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Slippage is a term in finance which describes a situation in which a stock or other financial instrument fails to trade at the expected price. There are a number of reasons why slippage can occur, and it can become a very serious problem for some traders. People can use a variety of techniques to avoid slippage or to reduce the risk of experiencing this unpleasant problem. Anticipating and managing differences between expected and actual prices is an important aspect of being a successful trader or broker.
When people write orders to sell things like stocks, they indicate the price they anticipate or expect for the sale. Sometimes, in the time it takes to write the order, the price drops, and slippage occurs. No one will fill the order at the expected price, and as a result, the order must be sold at the next available price, causing slippage. Brokers working on behalf of their customers want to avoid such situations, as they want to get the best deal possible for the people they represent.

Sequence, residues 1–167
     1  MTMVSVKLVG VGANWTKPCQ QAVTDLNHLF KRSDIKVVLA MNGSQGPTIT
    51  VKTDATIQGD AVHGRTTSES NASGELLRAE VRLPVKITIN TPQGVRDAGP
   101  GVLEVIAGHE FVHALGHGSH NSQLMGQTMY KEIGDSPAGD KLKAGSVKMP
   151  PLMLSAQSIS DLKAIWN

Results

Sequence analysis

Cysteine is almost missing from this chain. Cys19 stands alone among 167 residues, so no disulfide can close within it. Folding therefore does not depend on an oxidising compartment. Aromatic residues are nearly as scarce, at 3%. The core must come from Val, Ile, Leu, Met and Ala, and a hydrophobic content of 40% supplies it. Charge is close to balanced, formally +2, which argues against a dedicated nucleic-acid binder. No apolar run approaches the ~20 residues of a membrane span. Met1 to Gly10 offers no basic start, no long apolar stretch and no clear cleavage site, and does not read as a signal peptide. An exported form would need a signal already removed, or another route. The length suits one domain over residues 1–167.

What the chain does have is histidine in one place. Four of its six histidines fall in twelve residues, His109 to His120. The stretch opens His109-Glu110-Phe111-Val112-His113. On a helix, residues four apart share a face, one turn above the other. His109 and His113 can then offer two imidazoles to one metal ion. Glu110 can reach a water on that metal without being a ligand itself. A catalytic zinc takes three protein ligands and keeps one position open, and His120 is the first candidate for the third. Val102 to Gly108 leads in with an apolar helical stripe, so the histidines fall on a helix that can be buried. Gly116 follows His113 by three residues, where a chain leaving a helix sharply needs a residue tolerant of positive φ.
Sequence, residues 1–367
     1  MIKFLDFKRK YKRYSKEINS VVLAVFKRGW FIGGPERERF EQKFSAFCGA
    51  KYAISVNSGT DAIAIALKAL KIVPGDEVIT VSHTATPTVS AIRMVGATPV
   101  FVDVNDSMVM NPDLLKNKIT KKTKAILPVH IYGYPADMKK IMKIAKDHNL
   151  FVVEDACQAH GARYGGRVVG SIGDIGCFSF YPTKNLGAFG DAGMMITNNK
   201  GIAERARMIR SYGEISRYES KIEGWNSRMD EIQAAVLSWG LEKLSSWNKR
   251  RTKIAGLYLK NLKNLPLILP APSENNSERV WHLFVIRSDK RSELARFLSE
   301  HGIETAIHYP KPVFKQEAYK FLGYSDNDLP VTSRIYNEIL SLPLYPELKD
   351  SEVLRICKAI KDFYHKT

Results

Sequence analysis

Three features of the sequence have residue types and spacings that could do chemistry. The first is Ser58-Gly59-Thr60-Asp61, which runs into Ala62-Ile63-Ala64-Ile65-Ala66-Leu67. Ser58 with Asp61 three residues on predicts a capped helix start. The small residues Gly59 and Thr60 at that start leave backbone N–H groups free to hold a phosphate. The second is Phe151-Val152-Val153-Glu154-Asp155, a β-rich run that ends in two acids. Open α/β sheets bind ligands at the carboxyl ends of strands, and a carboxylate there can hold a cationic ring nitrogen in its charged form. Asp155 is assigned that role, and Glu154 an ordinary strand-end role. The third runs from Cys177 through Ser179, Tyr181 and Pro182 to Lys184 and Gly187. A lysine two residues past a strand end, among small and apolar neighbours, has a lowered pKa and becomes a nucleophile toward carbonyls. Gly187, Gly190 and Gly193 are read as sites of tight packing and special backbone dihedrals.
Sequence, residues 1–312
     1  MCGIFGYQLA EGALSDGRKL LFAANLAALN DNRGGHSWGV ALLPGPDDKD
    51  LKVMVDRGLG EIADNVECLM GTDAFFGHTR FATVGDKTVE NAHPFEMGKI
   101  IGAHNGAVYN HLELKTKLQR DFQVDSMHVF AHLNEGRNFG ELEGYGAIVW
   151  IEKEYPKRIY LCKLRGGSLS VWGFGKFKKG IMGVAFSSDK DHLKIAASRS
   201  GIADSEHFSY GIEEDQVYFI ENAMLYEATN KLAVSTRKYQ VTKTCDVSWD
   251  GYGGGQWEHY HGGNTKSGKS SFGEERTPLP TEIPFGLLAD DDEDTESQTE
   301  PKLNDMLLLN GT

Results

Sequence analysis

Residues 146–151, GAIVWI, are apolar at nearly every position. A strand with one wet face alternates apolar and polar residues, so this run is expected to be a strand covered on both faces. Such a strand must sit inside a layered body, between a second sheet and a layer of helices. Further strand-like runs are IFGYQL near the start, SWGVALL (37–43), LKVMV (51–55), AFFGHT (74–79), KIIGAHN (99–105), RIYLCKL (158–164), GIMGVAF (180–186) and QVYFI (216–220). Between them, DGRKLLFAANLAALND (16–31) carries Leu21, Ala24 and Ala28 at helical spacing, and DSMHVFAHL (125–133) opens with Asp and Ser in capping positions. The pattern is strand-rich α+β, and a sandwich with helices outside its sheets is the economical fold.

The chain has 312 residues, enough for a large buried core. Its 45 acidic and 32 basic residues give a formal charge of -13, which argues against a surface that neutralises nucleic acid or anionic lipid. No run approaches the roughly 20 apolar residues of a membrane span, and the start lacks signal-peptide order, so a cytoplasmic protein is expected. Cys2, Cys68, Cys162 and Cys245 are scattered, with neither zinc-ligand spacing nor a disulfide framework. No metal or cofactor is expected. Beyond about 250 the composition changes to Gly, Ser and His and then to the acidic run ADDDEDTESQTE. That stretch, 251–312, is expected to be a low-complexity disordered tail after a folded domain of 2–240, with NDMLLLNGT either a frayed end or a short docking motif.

Slippage usually occurs in response to market pressures. In any market which is fast or volatile, prices change quickly, and even experienced and skilled brokers may have difficulty keeping up. Markets can swing radically in response to things like breaking news, especially breaking financial news such as the release of new rate information from a central bank. Brokers must try to anticipate news events which might cause changes in the market so that they can be one step ahead.
A high volume of sales orders can also generate slippage. If numerous people are trying to sell a stock at a given price, buyers might start refusing that price and pressuring for a lower one. Subsequently, people who write sell orders at the higher price may not be able to sell before the price drops, and are thus forced to take a lower price.
Each broker or trader approaches the issue of slippage differently, depending on the market she or he is involved in, the needs of any clients that may be involved, and experience. Good traders and brokers are highly flexible, with the ability to anticipate changes and to adapt quickly to changes to take advantage of shifting market conditions. Failure to keep up can result in being stuck with the bad end of the deal, and in an extremely volatile market, it is possible to take quite large losses in a single day.
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